Tom and Lisa discuss corporal punishment, spanking and discipline [14:08]

Tom and Lisa talk about having differing religious beliefs and how they dealt with it [19:50]

What do you do when your habits and routines conflict? [23:47]

How to form habits that help your relationship [27:13]

Whenever you have conflicts over “small issues”, they are actually about deep values [31:10]

The problems that happen when you don’t articulate your values and just project instead [36:47]

 

FOLLOW LISA:

Instagram: https://bit.ly/2TIsoKh

YouTube: https://bit.ly/2IAbTcH

Podcast: https://spoti.fi/2IEajGW

 

FOLLOW TOM:

WEBSITE: impacttheory.com

INSTAGRAM: https://bit.ly/33XrFYV

FACEBOOK: https://bit.ly/2xDM4Xa

TWITTER: https://bit.ly/39slhdy

 

Jun 25, 2020

How does an individual get out of the Matrix? Better yet, how do we as a society escape the Matrix? The extraordinary intellectual Thomas Chatterton Williams has decided to confront one of the most difficult mental prisons that Americans find themselves trapped in--the prison of racism and racial identity. On this episode of Conversations with Tom Bilyeu, Thomas Chatterton Williams tells his own story of unlearning poisonous stories about race through extensive reading, living in a new country, and reflecting on his own family. As the discussion progresses, he confronts the challenges we face in getting past mere anger to build the beautiful society that we ought to be able to live in.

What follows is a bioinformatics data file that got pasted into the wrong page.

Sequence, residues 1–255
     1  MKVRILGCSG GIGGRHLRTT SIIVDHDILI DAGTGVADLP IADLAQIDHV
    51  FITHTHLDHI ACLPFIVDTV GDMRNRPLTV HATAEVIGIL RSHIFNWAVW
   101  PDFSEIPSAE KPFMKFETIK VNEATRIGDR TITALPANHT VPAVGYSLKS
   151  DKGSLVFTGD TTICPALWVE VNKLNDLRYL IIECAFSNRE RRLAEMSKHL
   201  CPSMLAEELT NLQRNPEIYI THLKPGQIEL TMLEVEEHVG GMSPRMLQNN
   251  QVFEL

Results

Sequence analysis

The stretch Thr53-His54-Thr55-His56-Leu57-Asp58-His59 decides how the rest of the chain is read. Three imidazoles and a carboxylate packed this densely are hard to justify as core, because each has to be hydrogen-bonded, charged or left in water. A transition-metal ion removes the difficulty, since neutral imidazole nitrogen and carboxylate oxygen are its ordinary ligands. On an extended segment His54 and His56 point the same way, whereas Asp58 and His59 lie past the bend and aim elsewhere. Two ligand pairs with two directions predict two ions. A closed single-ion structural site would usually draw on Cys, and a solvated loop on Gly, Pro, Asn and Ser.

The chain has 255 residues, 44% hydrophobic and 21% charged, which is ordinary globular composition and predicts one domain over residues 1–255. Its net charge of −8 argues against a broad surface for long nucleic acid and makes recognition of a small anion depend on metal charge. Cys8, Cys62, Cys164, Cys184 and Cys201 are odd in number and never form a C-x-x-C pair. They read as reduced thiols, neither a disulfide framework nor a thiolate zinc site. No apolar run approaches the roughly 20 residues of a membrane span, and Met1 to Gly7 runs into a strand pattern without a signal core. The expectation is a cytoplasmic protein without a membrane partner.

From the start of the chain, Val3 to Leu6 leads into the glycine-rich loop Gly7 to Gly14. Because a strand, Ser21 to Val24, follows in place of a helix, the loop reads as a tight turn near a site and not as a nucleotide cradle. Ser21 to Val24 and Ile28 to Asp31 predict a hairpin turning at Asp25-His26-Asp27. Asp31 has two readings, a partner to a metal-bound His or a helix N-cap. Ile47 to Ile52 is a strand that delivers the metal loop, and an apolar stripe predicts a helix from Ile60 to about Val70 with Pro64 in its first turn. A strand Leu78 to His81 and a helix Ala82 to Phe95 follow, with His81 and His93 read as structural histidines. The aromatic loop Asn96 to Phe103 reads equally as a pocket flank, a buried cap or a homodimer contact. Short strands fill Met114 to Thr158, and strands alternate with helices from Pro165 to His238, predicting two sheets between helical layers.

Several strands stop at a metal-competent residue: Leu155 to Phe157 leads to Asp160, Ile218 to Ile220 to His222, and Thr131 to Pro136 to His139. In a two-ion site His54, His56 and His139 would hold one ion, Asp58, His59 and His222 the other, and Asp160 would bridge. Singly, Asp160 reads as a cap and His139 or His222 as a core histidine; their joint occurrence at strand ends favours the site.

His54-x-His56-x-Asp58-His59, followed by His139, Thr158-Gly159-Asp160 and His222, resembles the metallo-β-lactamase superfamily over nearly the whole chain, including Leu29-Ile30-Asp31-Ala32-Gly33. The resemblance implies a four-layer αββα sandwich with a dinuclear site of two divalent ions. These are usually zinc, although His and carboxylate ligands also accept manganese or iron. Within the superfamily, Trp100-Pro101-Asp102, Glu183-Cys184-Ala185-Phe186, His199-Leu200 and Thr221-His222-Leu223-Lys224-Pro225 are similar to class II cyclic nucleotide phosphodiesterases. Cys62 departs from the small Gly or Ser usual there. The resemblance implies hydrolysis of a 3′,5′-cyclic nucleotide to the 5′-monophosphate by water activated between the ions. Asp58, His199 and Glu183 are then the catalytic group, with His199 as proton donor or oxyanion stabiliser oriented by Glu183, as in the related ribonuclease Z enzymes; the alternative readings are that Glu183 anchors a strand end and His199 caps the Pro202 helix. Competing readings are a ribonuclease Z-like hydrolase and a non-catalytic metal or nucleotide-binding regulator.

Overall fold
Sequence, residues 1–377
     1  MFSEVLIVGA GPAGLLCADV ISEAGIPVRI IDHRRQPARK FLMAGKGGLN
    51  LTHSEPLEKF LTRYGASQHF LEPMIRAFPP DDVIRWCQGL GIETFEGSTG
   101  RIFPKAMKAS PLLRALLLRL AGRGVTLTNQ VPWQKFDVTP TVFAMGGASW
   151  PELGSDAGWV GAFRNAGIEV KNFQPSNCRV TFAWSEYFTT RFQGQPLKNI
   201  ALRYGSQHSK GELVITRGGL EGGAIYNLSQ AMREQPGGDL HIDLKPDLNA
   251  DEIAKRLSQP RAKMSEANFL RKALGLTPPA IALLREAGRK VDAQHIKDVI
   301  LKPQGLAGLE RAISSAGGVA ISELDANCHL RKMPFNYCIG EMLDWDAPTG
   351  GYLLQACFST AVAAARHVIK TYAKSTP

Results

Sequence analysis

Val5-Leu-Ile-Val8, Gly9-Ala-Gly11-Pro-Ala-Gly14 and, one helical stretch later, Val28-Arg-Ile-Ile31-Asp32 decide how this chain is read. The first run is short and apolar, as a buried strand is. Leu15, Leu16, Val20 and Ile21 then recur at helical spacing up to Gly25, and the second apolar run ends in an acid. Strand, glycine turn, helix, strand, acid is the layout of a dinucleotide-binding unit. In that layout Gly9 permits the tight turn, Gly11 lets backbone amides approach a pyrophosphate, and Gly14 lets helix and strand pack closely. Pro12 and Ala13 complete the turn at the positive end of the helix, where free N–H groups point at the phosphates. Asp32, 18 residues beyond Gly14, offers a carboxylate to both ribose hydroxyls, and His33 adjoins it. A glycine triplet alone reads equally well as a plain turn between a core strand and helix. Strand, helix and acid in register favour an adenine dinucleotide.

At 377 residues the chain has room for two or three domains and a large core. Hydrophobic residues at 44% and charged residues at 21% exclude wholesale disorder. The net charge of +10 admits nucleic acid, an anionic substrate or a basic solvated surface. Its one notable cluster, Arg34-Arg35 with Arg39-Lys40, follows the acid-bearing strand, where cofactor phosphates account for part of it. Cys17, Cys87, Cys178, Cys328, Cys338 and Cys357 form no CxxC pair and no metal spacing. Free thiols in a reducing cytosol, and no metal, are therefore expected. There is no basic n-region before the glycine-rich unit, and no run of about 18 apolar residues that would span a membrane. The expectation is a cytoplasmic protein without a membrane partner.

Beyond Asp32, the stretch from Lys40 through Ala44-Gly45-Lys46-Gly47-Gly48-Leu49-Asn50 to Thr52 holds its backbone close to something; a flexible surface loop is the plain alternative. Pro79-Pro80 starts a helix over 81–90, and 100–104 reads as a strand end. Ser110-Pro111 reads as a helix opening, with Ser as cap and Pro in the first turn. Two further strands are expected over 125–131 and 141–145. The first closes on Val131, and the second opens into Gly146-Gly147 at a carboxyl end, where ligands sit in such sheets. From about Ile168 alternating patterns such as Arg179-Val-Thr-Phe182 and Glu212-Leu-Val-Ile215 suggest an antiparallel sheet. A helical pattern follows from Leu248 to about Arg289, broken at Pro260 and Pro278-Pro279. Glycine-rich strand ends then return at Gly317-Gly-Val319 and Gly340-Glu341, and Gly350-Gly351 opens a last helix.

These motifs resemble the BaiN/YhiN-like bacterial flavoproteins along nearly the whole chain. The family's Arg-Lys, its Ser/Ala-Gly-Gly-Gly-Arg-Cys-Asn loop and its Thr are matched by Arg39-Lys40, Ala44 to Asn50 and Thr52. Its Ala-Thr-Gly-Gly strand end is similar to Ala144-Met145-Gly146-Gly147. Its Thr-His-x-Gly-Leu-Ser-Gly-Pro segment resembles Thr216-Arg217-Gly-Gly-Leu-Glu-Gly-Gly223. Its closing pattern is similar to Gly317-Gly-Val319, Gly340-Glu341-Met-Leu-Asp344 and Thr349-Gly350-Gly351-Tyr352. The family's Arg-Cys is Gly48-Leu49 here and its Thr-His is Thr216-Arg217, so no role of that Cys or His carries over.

This episode is brought to you by:

Wagner Spray Tech: https://bit.ly/2WNICDs

PeopleReady: Visit peopleready.com/impacttheory

Better Help: Get 10% off your first month at https://betterhelp.com/impacttheory

SHOW NOTES:

 

Thomas talks about a novel that he tried to write that he had to give up on [1:00]

Fiction is a very different medium from non-fiction writing and requires different skills [5:17]

Nothing is ever wasted, and the best of the lost novel ended up in his non-fiction work [9:00]

Thomas credits his father as being the first guy who “pulled himself out of the Matrix” [13:01]

Thomas tells the story of the poet he is named after [18:47]